This wonderful testimonial about Lotta Hitschmanova was published today in the Letters section of the Globe and Mail:
Re One Man’s Continuing Quest To Honour A Humanitarian (Jan. 23): The attempts to honour Lotta Hitschmanova on a commemorative postage stamp brought back memories of how she made the Unitarian Service Committee famous in Canada in the years after the Second World War, when so many were trying to survive in brutal circumstances.
I was a high school principal and invited her to address the student body in the late 1970s on one of her cross-country fundraising tours. She was a diminutive figure in her unique uniform and I heard some of the “cool” students snicker as she headed to the stage. She soon had them eating out of her hand, and the student council voted to donate the whole proceeds of the next school dance to the USC. Dr. Lotta was a force for humanity and deserves to be commemorated.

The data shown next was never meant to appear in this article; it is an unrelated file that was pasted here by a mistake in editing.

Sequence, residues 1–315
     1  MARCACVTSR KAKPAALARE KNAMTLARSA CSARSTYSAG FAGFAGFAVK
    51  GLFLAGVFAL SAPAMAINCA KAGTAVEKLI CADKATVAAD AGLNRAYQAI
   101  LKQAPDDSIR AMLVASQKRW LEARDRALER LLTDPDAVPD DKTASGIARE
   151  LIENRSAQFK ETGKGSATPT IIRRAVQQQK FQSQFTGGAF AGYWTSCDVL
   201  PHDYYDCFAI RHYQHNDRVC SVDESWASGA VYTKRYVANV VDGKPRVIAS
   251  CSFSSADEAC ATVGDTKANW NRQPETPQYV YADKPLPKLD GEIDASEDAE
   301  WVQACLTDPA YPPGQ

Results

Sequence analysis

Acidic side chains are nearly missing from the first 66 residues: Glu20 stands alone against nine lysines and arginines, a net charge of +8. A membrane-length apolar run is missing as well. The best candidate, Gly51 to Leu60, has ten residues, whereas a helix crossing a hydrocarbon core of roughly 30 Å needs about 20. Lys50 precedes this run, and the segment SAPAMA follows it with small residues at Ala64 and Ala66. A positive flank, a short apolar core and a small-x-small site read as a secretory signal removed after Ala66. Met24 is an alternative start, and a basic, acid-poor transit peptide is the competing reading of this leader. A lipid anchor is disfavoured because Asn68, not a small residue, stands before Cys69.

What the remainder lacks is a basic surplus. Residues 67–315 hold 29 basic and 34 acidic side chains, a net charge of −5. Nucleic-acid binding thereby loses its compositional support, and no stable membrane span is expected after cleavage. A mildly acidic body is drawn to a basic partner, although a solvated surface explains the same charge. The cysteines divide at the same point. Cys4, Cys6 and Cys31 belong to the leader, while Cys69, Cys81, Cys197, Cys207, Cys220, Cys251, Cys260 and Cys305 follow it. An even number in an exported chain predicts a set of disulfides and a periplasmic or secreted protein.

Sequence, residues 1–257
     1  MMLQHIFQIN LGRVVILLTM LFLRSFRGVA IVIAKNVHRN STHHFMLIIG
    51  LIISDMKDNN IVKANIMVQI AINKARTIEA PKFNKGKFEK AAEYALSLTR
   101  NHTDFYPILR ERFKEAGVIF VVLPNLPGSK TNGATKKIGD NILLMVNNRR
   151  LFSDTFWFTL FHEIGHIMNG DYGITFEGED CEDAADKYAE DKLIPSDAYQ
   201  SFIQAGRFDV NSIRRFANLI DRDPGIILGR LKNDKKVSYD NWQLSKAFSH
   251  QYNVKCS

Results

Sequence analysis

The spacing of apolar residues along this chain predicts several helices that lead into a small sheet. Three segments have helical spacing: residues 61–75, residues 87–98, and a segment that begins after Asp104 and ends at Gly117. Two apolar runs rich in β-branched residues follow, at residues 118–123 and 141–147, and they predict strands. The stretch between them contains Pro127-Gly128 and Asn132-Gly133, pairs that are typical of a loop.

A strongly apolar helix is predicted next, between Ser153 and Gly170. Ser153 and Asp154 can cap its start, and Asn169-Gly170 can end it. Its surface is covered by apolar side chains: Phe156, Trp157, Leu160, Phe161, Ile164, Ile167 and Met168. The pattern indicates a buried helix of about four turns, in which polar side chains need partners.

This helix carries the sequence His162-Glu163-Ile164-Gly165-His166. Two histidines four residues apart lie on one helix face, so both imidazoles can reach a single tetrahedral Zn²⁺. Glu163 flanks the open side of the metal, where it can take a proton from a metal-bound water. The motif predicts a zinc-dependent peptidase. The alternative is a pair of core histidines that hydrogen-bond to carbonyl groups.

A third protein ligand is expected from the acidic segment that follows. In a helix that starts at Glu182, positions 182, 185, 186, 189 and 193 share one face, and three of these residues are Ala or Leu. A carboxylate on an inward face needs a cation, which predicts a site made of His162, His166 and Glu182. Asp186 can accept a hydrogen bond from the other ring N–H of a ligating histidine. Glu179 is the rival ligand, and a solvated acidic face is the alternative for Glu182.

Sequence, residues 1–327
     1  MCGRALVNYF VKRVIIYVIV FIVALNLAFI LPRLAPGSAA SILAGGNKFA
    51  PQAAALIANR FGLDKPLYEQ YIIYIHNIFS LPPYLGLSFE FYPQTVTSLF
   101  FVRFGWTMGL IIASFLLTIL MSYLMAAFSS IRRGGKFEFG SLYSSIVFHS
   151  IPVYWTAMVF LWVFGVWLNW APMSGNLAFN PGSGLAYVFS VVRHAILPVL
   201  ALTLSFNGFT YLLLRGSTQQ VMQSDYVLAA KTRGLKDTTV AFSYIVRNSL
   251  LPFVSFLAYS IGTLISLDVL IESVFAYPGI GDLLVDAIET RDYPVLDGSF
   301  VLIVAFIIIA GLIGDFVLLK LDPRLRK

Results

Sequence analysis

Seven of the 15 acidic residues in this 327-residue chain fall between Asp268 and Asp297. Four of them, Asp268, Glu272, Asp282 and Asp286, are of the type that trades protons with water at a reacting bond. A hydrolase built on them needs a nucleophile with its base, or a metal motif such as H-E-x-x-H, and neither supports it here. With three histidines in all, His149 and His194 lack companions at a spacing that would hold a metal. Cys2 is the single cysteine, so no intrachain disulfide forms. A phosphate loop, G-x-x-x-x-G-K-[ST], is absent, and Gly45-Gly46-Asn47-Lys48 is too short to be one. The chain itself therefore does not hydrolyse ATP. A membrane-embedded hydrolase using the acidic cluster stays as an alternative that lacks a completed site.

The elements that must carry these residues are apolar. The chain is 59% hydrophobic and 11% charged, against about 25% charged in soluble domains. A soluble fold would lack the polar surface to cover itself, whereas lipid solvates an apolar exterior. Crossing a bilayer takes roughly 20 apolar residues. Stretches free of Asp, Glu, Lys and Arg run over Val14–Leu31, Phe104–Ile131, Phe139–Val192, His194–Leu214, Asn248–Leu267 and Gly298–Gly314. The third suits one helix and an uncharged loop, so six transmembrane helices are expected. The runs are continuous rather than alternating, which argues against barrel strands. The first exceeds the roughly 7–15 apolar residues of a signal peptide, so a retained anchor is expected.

Sincere thanks to Tu Thanh Ha for his excellent article in the Globe and Mail that features Dr. Lotta Hitschmanova, her biographer Clyde Sanger, supporter Bruce Cockburn and myself.
He spent a decade in Tanzania, teaching, co-ordinating rural development projects and earning a master’s degree in development studies at the University of Dar es Salaam. “A lot of what Lotta said started to make sense to me,” he said.
It seems that Lotta scored very high indeed, in the recent Bank of Canada survey. She didn’t make it onto the Bank’s five woman short list, but the indicators are very strong indeed for some future recognition (another bill, a stamp perhaps?) for this Canadian social justice pioneer.
“The nominees included most frequently in a respondent’s top list were Elsie MacGill, Dr. Lotta Hitschmanova, Viola Desmond and Nellie McClung…. Continue reading →